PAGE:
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They built this city with alternative ideals

DENVER POST/FILEClark Richert (right) was one of the architects of Drop City, a series of domes built in southern Colorado in the 1960s. DENVER POST/FILEClark Richert (right) was one of the architects of Drop City, a series of domes built in southern Colorado in the 1960s. (Denver Post/File)
By John Hendrickson
The Denver Post / July 18, 2009
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In the spring of 1965, three former University of Kansas students purchased a six-acre plot of land in southern Colorado for $450.

Their dream was to create large works of art in which they would live.

“Our long-term vision was that Drop City would function as a ‘seed’ for future communities that would sprout around the world,’’ said Clark Richert, one of Drop City’s chief architects, now a professor at Rocky Mountain College of Art and Design in Lakewood. Drop City was among the most well-known rural communes in the country, although all signs of human life had vanished from the property in less than a decade. Forty-four years later, its impact as both an artistic and social experiment is the subject of a documentary in progress.

“Drop City is the best example of the potential and perils of trying to build an alternative culture in America that I’ve ever come across,’’ said documentarian Tom McCourt, associate professor of media at Fordham University.

In their search for former “droppers,’’ McCourt and filmmaker Joan Grossman have embarked on a road trip across California, Montana, Colorado, and New Mexico.

Drop City cofounders Richert and Gene Bernofsky pioneered “Drop Art’’ in the early 1960s, dropping objects from the roof of a loft in Lawrence, Kan., onto the street below as a means of conceptual artwork. The idea for a “city’’ grew as a manifestation of this new expression, and Drop City was established as one of the country’s first communes.

After graduating from the University of Kansas in 1965, Bernofsky and his wife, JoAnn, set out for Colorado to fetch Richert, who had graduated two years earlier and was working toward a master’s degree in fine arts at the University of Colorado at Boulder.

“We followed tips from townspeople and ranchers as to where we might find land to purchase - tips which eventually [led us to the town of] Trinidad,’’ Richert said in an e-mail interview.

Designed as a sustainable colony for artists and filmmakers, Drop City began as a single quasi-geodesic dome constructed entirely from lumber scraps and old car parts.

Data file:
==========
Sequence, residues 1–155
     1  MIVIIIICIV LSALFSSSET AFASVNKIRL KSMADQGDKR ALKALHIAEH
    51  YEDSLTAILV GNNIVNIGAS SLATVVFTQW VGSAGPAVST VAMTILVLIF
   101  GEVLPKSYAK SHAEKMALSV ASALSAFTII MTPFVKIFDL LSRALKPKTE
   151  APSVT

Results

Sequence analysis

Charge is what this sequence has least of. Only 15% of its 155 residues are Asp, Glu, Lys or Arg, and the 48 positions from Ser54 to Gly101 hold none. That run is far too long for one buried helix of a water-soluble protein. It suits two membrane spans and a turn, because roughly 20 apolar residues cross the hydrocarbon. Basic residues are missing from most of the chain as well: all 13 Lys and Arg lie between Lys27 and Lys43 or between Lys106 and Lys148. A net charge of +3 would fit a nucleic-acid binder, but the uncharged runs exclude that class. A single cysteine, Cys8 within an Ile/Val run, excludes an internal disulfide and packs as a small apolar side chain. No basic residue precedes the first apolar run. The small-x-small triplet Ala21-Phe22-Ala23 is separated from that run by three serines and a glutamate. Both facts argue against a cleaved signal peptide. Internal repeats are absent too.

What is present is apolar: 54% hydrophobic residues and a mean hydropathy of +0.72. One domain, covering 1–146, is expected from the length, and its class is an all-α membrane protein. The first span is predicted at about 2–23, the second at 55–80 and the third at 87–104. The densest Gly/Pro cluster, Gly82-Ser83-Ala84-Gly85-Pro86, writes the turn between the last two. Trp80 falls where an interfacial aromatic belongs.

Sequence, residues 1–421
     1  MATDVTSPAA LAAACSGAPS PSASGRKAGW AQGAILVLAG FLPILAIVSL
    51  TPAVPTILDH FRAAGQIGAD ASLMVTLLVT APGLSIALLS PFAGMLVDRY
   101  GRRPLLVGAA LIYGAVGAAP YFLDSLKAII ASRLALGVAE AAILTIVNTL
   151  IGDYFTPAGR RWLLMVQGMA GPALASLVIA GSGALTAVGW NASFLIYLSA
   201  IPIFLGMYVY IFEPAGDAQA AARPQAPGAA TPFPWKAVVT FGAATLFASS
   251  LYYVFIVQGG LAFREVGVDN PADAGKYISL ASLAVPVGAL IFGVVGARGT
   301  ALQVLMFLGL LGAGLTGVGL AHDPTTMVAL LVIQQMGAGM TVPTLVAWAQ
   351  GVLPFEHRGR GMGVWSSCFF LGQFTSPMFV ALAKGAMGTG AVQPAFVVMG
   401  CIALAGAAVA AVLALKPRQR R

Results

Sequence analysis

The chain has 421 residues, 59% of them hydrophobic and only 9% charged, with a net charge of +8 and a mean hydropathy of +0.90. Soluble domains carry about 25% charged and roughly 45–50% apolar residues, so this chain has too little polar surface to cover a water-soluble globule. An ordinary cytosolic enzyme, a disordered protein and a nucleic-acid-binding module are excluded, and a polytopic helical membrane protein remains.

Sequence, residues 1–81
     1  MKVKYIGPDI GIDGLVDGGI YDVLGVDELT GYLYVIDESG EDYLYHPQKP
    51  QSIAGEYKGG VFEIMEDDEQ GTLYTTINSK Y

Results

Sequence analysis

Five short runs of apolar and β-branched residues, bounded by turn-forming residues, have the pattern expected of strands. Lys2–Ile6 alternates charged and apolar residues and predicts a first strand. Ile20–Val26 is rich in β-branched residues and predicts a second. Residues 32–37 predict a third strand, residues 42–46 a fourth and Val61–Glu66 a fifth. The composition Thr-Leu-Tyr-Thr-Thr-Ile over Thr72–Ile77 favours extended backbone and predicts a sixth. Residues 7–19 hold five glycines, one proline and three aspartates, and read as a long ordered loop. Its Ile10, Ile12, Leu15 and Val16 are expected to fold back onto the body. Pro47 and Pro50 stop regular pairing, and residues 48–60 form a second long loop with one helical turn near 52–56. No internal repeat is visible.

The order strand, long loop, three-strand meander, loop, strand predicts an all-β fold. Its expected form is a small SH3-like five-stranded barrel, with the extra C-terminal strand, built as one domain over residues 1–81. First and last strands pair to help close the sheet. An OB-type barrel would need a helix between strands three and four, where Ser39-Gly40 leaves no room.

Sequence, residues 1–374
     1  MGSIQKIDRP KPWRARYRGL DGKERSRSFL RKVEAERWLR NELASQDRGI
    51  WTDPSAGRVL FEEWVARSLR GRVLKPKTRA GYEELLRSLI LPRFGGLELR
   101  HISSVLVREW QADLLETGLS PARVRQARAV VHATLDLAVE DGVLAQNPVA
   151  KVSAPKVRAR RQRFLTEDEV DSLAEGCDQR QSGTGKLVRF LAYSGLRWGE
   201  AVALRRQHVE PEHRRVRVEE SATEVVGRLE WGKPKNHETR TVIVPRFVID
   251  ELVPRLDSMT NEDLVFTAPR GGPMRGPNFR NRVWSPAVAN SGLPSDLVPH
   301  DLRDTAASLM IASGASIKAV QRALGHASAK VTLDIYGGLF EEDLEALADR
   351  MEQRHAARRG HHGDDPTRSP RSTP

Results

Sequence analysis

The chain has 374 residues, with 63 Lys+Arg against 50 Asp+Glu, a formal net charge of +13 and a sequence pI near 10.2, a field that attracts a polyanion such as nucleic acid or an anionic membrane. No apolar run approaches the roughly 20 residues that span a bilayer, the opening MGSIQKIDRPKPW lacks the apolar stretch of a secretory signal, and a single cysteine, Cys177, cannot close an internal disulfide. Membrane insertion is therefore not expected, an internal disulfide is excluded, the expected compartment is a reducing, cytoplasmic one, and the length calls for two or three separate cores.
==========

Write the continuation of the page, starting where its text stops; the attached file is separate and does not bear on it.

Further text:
“We had already decided to start the community before I attended lectures by Buckminster Fuller at the University of Colorado . . . [but] after sitting in on a couple of his six-hour visionary orations, I became convinced that we should ‘take the leap’ and build geodesic domes,’’ recalled Richert.

He, the Bernofskys, and fourth founder Richard Kallweit had no prior knowledge of geodesic geometry. Their first dome, held together by bottle caps, tar paper, and chicken wire, was built with no formal blueprints.

As settlers poured in, more domed domiciles were constructed, and the communal kitchen-dome nearly tripled in size.

“Drop City is built on the garbage dump of a dying town of 10,000 strung-out coal miners,’’ wrote Peter Douthit in his 1971 book, “Drop City.’’

Douthit, who adopted the name Peter Rabbit while in the commune, was one of the “core 12’’ who lived on the property before national media exposure and an influx of visitors led the original four to move out in 1968. Richert returned to Boulder to complete his master’s degree and created the artists’ cooperative “Criss-Cross’’ with fellow founding members.

“We defined ourselves as an artists’ community and did not consciously see ourselves initially as a commune,’’ recalled Richert, “but it is true we shared ownership of the property, ate meals together, and agreed upon resolution of issues through consensus.’’

Ironically, the community’s downfall was not necessarily the result of its location on the desolate Colorado plains, but to overexposure and a loss of consensus. Within two years, the population had grown to more than 20 residents and temporary visitors, some of whom saw Drop City as merely a novelty.

“The avant-garde has a long tradition of being co-opted by mainstream culture. It happens to all of the important art movements,’’ said Richert. “It appears to be inevitable: Forms of idealism eventually reach a large audience and become diluted and corrupted in the process.’’

After the last of the “core 12’’ moved away, the settlement remained inhabited for several years, though the original ideologies of the founders had all but disappeared.

Still, Richert sees echoes of the experiment today.

“I feel the ideas that Drop City was based on - ecology, creativity, economy - are relevant today and that Drop City may still be a model. There are more obstacles today: more restrictive zoning, building codes, less access to funding. But being a teacher in an art school, I see among the young creative types a great interest in finding alternative approaches to an artistic lifestyle.’’